On July 10, 2020, the FAR Council issued a prepublication version of  an interim rule implementing Section 889(a)(1)(B) of the FY 2019 National Defense Authorization Act. The interim rule prohibits federal executive agencies from contracting with entities that use covered telecommunications products and services from certain Chinese companies like Huawei Technologies Company or ZTE Corporation, including their affiliates and subsidiaries. The interim rule expands upon previous restrictions that went into effect last year and is expected to have a significant impact on federal government contractors as they attempt to comply with reporting requirements in the midst of a global pandemic.

Unless Congress delays its implementation, the interim rule will go into effect on August 13, 2020, and federal executive agencies will not be permitted to enter into, extend, or renew a contract with a contractor that uses covered telecommunications equipment as (1) a substantial or essential component of any system, or (2) as critical technology as part of any system. The interim rule also extends to a contractor’s use of services that in turn uses covered telecommunications equipment in the same manner. This prohibition applies even if the use of covered telecommunications equipment or services is unrelated to performance of a federal government contract.

The interim rule will apply to all federal prime contractors regardless of the contract type or size. This includes contracts for commercial items and contracts below the simplified acquisition and micro-purchase thresholds. The interim rule will not apply to subcontractors or to a prime contractor’s affiliates, parents, or subsidiaries but it does require prime contractors to certify that they do not use any equipment, system, or service that itself uses a banned technology. The interim rule further provides that the FAR Council is considering whether to expand the scope of Section 889(a)(1)(B) to a prime contractor’s domestic affiliates, parents, and subsidiaries with such restrictions going into effect, if at all, no later than August 13, 2021.

To ensure compliance, solicitations issued on or after August 13, 2020 will require contractors to represent, after conducting a reasonable inquiry, whether or not they use covered telecommunications equipment or services. Contractors will be required to make the same representation for solicitations issued before August 13, 2020 if the resulting contract will be awarded after August 13, 2020. Contractors will be able to complete the representation on a contract-by-contract basis, or on an annual basis in the System for Award Management if the representation is uniformly negative. The interim rule does include several exceptions and allows the head of an agency to grant a one-time waiver to a contractor if certain requirements are met. Any waiver that is granted by the head of an agency must expire by August 13, 2022.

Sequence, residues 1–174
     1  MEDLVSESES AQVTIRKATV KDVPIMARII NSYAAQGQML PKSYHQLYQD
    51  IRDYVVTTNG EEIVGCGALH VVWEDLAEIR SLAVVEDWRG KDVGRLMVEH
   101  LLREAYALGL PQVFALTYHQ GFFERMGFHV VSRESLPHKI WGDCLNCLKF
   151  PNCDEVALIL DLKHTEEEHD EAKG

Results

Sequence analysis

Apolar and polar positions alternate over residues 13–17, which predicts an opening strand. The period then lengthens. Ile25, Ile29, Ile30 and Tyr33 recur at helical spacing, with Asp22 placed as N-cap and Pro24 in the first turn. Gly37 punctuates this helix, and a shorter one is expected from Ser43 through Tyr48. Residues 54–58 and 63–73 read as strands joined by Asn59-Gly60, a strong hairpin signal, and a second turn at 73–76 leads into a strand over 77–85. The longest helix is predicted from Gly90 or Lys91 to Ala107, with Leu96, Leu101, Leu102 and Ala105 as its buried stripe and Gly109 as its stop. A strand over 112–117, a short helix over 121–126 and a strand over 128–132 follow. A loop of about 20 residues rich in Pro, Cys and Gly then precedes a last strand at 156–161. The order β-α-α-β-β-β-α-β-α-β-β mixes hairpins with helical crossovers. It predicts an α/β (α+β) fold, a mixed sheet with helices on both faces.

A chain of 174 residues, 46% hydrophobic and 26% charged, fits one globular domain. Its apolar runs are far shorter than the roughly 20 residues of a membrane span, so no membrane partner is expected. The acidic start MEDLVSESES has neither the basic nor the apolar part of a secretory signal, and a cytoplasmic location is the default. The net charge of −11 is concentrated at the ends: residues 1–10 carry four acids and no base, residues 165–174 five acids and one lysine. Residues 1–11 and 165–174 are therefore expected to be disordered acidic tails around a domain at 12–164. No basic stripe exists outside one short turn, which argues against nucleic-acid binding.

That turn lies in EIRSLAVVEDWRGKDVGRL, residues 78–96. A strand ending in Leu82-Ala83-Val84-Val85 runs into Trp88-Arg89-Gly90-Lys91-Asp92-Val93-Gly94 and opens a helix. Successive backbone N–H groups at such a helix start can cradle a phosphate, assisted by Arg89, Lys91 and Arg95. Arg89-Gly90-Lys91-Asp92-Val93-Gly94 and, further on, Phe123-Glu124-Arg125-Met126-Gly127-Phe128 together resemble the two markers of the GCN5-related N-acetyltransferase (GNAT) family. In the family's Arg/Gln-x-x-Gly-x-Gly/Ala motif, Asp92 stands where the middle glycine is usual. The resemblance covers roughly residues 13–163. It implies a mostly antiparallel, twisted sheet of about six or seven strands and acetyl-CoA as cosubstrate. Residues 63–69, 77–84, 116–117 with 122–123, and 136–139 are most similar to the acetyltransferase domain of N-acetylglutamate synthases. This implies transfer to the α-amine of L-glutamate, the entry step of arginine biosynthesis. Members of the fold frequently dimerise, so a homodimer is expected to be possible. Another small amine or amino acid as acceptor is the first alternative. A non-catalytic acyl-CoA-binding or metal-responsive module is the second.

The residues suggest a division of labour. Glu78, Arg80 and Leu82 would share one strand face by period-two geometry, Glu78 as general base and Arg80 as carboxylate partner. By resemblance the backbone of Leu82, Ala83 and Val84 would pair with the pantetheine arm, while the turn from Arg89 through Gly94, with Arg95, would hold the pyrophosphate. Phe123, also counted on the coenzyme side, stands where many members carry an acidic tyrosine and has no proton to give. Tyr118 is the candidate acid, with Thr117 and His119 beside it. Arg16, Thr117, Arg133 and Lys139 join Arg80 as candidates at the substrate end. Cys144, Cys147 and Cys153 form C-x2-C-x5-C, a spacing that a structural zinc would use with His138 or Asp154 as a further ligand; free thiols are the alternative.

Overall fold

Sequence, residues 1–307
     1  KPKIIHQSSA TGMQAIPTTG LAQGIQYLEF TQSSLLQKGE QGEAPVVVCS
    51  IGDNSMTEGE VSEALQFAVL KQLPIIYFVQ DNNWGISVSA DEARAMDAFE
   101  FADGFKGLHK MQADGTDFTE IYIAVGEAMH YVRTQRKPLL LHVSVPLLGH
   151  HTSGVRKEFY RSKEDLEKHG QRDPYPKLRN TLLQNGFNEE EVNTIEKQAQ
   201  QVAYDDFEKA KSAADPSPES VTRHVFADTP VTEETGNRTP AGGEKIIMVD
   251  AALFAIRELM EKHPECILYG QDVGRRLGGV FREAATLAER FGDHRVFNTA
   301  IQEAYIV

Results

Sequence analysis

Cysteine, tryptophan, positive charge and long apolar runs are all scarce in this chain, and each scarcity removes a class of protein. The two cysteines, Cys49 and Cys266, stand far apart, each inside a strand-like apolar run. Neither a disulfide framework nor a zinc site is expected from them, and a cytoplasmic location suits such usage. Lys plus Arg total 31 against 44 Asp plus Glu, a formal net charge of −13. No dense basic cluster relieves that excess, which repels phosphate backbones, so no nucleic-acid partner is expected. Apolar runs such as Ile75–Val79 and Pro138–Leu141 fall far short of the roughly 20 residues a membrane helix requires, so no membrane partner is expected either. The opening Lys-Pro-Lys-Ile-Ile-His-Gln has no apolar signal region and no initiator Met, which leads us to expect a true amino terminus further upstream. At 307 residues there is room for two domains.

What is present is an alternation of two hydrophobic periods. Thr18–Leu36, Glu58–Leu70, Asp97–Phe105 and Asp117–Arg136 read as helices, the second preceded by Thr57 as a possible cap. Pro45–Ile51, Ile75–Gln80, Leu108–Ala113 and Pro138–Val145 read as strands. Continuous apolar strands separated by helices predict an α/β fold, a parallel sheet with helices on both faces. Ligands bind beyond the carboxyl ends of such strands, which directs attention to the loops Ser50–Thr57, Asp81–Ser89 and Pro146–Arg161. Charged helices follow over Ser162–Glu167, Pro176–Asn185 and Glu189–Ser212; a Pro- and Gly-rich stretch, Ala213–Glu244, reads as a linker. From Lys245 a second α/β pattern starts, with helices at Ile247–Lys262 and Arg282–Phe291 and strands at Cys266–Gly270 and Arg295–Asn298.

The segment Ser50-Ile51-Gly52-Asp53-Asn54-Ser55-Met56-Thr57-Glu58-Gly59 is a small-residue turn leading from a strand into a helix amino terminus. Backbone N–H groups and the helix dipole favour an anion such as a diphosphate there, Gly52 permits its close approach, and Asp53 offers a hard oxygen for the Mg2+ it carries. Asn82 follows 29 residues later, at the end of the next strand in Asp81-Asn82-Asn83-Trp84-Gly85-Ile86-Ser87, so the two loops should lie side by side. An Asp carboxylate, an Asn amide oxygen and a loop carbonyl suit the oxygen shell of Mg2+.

In light of the breadth of Section 889(a)(1)(B) and considering August 13, 2020 is rapidly approaching, we recommend government contractors:

  1. Review Section 889(a)(1)(B) as required by its express terms and familiarize themselves with the provision and its requirements. Subcontractors are also required to review Section 889(a)(1)(B) and learn about the provision and its requirements;
  2. Conduct a formal assessment to identify covered telecommunications equipment that are substantial and essential components of any system or critical technology of any system used in the performance of a federal contract;
  3. Conduct a reasonable inquiry into subcontractor or supplier relationships for which the prime contractor has a federal contract and uses the subcontractor’s or supplier’s covered telecommunications equipment or services as a substantial or essential component of any system or service;
  4. Prepare a policy acknowledging the requirements of Section 889(a)(1)(B) and the specific steps taken and/or needed to comply with Section 889(a)(1)(B);
  5. Require subcontractors and suppliers to certify in writing that they have (1) reviewed their operations to determine if they will be impacted by Section 889(a)(1)(B), and (2) if impacted, provide the details of the impact to the contractor and any prospective remedial measures taken to minimize the impact.

The Ward & Berry team will continue to monitor developments surrounding the interim rule and its potential impact on federal government contractors. If you have any questions regarding the interim rule or would like to futher discuss compliance matters please do not hesitate to contact us.

Timothy Furin

Author Timothy Furin

More posts by Timothy Furin

Leave a Reply